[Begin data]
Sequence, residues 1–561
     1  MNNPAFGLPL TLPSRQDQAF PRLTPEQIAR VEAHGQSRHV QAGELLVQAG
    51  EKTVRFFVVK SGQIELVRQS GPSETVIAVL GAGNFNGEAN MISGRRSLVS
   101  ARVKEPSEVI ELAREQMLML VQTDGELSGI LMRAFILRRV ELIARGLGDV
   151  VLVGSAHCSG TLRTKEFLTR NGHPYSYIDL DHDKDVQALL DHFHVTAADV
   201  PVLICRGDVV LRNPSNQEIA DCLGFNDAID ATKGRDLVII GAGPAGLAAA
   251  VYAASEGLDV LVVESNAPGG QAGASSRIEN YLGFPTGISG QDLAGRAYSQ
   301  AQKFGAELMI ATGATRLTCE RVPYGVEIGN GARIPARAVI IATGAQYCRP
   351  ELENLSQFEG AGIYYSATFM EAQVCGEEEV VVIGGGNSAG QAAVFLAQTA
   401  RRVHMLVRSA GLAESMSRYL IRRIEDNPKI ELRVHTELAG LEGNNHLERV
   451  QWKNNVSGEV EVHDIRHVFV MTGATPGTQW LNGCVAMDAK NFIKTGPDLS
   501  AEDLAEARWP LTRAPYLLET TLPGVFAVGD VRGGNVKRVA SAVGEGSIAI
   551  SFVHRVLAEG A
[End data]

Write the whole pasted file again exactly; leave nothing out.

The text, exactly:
Sequence, residues 1–561
     1  MNNPAFGLPL TLPSRQDQAF PRLTPEQIAR VEAHGQSRHV QAGELLVQAG
    51  EKTVRFFVVK SGQIELVRQS GPSETVIAVL GAGNFNGEAN MISGRRSLVS
   101  ARVKEPSEVI ELAREQMLML VQTDGELSGI LMRAFILRRV ELIARGLGDV
   151  VLVGSAHCSG TLRTKEFLTR NGHPYSYIDL DHDKDVQALL DHFHVTAADV
   201  PVLICRGDVV LRNPSNQEIA DCLGFNDAID ATKGRDLVII GAGPAGLAAA
   251  VYAASEGLDV LVVESNAPGG QAGASSRIEN YLGFPTGISG QDLAGRAYSQ
   301  AQKFGAELMI ATGATRLTCE RVPYGVEIGN GARIPARAVI IATGAQYCRP
   351  ELENLSQFEG AGIYYSATFM EAQVCGEEEV VVIGGGNSAG QAAVFLAQTA
   401  RRVHMLVRSA GLAESMSRYL IRRIEDNPKI ELRVHTELAG LEGNNHLERV
   451  QWKNNVSGEV EVHDIRHVFV MTGATPGTQW LNGCVAMDAK NFIKTGPDLS
   501  AEDLAEARWP LTRAPYLLET TLPGVFAVGD VRGGNVKRVA SAVGEGSIAI
   551  SFVHRVLAEG A